When asked to debate global warming at St Andrews, I was delighted. Unfortunately, my opponents turned me into a bug-eyed fanaticby Gregory Norminton / October 21, 2009 / Leave a comment
Published in November 2009 issue of Prospect Magazine
Perhaps I ought not to have accepted the invitation to debate climate change deniers. I’m a novelist and writer by trade. But I’m also passionate about the environment, so when the University of St Andrews invited me to speak for the motion “This House Believes Global Warming is a Global Crisis” earlier this year I accepted. I had never taken part in a university debate before—shouting at the radio was scarcely adequate training.
In the debate, Richard Courtney spoke first for the opposition. A lifelong “big coal” man, he appears to have modelled his public speaking on end-of-the-pier comedians. He was outdone, however, for bravura nuttiness by Nils-Axel Morner, a Swedish geologist who played up to his audience so outrageously that one almost wondered at the absence of balloon animals.
My fellow proponents of the motion were Ross Finnie MSP and Mike Robinson of the Royal Scottish Geographical Society. They had given measured speeches within their allotted seven minutes, yet I could sense that mild-mannered reason might not prevail against pantomime.
I was speaking last for the motion and the most tenacious of our opponents would follow me. This was Christopher Monckton, Third Viscount Monckton of Brenchley: failed politician and Sudoku genius. He appears occasionally as an “expert” on such US television programmes as Fox News’ Glenn Beck Show, where he spouts pseudo-science with a ferocity that has earned him, one climate scientist friend tells me, the nickname Count Cuckoo.
“How do you deal with someone like that?” I had asked my friend before the debate. He replied: “Don’t ask me—I’d rather wrestle a pit bull.”
There is an inherent dilemma in tackling climate change deniers. Engage with them and you give them credibility; ignore them and they will claim to have you running scared. Richard Courtney has published his account of the debate online, and his post is pasted in full on blogs such as ilovecarbondioxide.com and Stop the ACLU (American Civil Liberties Union). As one might deduce, the names of these blogs are revealing. Climate change denial involves a weird cabal of conspiracy theorists, extreme libertarians and cold warriors in search of a new bogeyman. That this lefty conspiracy includes such well-known Marxist organisations as the Pentagon and the papacy is overlooked; but then denialists are expert at ignoring whatever displeases them.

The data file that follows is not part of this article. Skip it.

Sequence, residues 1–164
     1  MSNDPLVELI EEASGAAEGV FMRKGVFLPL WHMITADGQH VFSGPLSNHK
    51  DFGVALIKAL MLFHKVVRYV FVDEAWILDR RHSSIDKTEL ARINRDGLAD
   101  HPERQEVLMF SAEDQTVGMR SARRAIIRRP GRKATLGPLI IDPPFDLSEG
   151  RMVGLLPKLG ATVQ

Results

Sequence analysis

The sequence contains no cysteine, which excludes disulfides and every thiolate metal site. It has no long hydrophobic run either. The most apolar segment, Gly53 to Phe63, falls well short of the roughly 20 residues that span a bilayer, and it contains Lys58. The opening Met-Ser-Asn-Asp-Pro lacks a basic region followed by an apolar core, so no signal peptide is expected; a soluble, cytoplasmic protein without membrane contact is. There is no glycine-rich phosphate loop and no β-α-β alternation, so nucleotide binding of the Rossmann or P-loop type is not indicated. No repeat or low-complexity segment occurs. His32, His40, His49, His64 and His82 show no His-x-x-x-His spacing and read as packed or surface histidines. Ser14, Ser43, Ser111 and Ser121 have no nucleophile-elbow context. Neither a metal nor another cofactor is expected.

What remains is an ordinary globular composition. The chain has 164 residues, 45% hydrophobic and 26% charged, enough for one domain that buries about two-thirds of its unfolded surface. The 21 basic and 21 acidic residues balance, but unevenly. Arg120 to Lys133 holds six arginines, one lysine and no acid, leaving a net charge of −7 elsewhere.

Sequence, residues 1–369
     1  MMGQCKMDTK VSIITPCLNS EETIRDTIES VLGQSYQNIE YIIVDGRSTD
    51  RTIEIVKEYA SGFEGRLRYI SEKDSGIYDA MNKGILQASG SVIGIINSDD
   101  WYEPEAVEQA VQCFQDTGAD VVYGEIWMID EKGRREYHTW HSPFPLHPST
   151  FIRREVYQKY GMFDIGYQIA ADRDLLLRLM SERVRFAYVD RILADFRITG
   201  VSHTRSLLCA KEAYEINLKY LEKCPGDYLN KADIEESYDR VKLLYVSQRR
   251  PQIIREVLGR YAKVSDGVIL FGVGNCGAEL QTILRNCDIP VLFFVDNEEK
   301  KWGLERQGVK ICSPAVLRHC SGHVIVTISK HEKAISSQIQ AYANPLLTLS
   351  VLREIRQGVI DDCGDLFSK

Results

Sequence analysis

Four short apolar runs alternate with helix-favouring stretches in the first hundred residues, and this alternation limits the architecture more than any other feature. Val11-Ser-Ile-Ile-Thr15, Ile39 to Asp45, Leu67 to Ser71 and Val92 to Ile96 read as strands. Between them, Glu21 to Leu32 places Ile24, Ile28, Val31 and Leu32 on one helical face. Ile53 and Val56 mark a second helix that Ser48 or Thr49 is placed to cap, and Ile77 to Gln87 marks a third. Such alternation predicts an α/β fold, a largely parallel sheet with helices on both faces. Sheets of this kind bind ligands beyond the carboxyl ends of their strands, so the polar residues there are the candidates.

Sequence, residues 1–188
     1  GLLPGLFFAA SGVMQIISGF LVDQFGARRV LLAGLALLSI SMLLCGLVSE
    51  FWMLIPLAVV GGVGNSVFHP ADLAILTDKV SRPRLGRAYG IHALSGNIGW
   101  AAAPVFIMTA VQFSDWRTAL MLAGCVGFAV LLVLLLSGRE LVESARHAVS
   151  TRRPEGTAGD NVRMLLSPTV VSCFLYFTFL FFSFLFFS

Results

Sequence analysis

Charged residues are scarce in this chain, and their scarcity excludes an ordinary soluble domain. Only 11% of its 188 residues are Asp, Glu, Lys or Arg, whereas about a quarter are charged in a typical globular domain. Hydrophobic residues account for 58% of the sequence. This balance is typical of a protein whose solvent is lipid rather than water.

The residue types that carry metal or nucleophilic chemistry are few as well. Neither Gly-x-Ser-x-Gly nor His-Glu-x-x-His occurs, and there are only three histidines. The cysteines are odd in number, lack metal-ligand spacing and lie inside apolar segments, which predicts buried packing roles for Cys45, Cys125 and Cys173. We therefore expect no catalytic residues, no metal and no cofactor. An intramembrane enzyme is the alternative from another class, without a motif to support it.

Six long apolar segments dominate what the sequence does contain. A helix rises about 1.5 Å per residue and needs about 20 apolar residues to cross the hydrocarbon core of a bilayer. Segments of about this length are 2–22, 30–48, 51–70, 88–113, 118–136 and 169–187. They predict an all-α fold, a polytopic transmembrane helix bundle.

The loud assertion of fake, untested or scientifically discredited claims is precisely the tactic they employ to overwhelm and bamboozle their audience. I should know: in the course of the debate, we found ourselves visiting a topsy-turvy world where Arctic sea ice is thickening even as it vanishes; where Greenland is called Greenland because a few hundred years ago it was positively leafy; where global warming is really global cooling and where the greenhouse effect—which doesn’t exist—is fortuitously keeping new glaciations at bay.
Having had to endure this stuff, I was quaking with indignation when I came to speak, almost shouting down attempts at intervention. “Sit down,” I said to Courtney, “you’ve made enough of a fool of yourself already.” I looked like the kind of bug-eyed fanatic I was actually opposing. They had got me: I may have brought passion and fiery rhetoric to our side of the debate, but exposure to nonsense had turned me into the Mad Hatter.
My worst mistake came when I pointed out that my opponents were not scientists. Monckton interrupted to claim that they were. “So was Dr Mengele,” I shot back. But this allowed Monckton to stand up and demand a point of order with all the indignation he could muster. He has a plentiful supply and it carried him through his own summing up: a wild denunciation that combined McCarthyite name-calling with pompous Latin.
In the end, our motion won 57 votes to 42 against, but there were sufficient abstentions to prevent it from being carried. I didn’t think this reflected well on the young minds at St Andrews. Then again, Monckton and Courtney had brought about a dozen friends with them to bolster their vote. They celebrated as if they had won the lottery.
We gathered afterwards in an Indian restaurant, where each side avoided sitting with the other. One of the students, a fogeyish buffer, told me cheerfully: “Of course they were talking nonsense but I voted for them all the same because—well, they were so entertaining that I thought I ought to encourage them.”
I can now offer the following hard-won tips for anyone considering debating climate change deniers:
- If you must, consider ingesting some form of tranquiliser.
- Study the stagecraft of Bernard Manning.
- Be up-to-date: know your Aristotle!
- No matter the provocation, avoid Nazi analogies like the plague.
- Bring plenty of friends.
- Just don’t.
For more information on the climate change debate click here.